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Equal Time?

Under a new ruling, you may have to let unions use your e-mail system to promote their platform.

This story appears in the September 2003 issue of Entrepreneur. Subscribe »

The laws concerning employees voting for or against a union aregenerally clear. Under the National Labor Relations Act, employersmust provide union organizers with the names and addresses of alleligible employees, but they are not required to allow theorganizers to campaign on their premises. Indeed, if there'sgoing to be a union vote at your business, you can paper the hallswith your anti-union message and send out daily memos about itwithout letting union supporters do the same. The chief restrictionis that this prohibition be consistent with company policy. So ifyour policy allows personal use of company telephones on companytime, you can't stop employees from calling each other topromote a pro-union vote.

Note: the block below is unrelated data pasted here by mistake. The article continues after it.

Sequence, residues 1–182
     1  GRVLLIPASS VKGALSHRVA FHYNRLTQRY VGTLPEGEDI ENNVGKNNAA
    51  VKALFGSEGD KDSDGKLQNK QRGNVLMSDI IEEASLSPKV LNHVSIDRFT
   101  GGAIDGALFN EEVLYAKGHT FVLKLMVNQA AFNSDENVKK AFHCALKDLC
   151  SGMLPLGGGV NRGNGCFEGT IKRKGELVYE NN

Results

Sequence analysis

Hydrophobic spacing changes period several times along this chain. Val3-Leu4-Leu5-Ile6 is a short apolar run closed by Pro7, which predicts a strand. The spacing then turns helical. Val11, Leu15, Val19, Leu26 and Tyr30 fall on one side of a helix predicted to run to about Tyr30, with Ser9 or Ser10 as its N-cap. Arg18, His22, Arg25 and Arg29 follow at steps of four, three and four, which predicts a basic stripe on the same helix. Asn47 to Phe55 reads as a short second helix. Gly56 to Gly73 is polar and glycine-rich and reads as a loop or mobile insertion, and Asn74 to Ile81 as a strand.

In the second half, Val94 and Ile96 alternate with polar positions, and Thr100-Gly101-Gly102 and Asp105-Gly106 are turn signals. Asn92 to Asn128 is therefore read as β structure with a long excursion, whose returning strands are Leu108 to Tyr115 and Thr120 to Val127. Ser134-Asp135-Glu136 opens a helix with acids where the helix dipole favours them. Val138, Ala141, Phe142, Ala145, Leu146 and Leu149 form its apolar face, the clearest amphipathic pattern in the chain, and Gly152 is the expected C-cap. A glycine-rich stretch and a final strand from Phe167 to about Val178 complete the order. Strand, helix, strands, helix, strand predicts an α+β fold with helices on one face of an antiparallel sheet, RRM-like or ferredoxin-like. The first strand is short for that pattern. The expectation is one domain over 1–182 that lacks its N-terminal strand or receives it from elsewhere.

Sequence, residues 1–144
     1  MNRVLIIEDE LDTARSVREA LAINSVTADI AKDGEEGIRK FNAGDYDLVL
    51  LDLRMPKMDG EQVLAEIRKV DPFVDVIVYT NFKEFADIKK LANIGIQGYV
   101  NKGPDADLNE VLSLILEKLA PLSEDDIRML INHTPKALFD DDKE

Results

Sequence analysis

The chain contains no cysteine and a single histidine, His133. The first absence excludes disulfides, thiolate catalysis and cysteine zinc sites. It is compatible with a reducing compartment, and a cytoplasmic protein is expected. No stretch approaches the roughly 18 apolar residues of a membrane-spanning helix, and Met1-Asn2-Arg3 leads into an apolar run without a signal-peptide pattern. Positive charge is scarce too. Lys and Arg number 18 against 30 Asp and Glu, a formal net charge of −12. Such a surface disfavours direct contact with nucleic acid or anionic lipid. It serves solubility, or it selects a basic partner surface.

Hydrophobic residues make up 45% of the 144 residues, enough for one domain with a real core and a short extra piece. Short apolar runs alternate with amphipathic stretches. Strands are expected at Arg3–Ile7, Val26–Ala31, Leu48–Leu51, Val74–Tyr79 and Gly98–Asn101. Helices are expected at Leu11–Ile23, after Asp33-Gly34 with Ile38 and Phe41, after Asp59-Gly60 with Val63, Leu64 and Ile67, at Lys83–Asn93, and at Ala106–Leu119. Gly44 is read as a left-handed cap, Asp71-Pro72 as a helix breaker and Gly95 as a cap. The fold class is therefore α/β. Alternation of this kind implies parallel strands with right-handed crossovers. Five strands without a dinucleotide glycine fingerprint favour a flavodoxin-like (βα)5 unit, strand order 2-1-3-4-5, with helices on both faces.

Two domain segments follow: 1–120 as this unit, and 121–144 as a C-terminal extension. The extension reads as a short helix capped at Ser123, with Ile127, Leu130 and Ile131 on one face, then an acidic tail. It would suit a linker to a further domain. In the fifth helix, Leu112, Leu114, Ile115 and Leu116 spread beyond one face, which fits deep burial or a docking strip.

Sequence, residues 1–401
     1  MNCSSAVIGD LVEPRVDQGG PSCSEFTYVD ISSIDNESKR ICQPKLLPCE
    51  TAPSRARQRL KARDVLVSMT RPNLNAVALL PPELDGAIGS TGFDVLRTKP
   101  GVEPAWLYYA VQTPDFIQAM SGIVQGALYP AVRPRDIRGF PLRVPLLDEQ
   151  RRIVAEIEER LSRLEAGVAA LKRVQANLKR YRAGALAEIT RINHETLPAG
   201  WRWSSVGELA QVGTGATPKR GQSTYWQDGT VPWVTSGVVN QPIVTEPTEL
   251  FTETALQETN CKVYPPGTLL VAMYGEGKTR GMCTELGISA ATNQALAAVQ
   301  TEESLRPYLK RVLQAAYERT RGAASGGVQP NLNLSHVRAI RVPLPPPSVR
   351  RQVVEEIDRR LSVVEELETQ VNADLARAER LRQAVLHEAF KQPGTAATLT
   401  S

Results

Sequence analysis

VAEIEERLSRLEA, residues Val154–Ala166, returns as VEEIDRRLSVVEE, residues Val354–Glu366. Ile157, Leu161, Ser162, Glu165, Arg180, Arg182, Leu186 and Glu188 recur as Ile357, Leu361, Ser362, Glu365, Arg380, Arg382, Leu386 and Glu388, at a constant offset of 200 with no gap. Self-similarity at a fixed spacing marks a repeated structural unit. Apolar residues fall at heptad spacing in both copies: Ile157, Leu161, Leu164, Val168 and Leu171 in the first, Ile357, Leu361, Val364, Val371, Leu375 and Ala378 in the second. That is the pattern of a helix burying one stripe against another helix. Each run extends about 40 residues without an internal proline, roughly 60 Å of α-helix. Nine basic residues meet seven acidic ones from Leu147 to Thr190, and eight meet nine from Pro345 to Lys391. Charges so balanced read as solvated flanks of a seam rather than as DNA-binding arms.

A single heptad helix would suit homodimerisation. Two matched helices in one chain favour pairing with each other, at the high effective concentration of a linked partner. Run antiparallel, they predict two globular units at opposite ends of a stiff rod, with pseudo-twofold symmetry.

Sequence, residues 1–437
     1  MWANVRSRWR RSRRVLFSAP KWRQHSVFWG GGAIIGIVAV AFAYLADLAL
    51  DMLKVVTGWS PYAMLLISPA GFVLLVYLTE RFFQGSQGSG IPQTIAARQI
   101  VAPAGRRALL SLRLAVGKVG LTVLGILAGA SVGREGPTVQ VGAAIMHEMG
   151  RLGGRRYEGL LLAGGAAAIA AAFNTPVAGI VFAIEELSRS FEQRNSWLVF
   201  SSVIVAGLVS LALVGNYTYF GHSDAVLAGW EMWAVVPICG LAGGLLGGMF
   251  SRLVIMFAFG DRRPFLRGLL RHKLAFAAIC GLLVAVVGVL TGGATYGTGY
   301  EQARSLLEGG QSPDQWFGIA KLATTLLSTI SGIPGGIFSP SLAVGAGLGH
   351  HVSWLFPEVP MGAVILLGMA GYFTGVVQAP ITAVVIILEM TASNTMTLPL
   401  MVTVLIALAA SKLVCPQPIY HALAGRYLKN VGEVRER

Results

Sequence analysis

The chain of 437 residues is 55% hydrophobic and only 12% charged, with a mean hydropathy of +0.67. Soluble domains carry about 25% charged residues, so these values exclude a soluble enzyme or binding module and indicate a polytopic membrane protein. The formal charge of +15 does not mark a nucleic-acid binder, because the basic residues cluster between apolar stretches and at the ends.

How does the company e-mail system fit into the picture?That's where it gets foggier, thanks to a recent decision by anadministrative judge for the National Labor Relations Board. Thecase concerned agents for Prudential Insurance who narrowlyrejected representation by the Office & Professional EmployeesInternational Union. Union organizers sued, arguing the companyshould have allowed them access to the e-mail system to disseminatetheir arguments.

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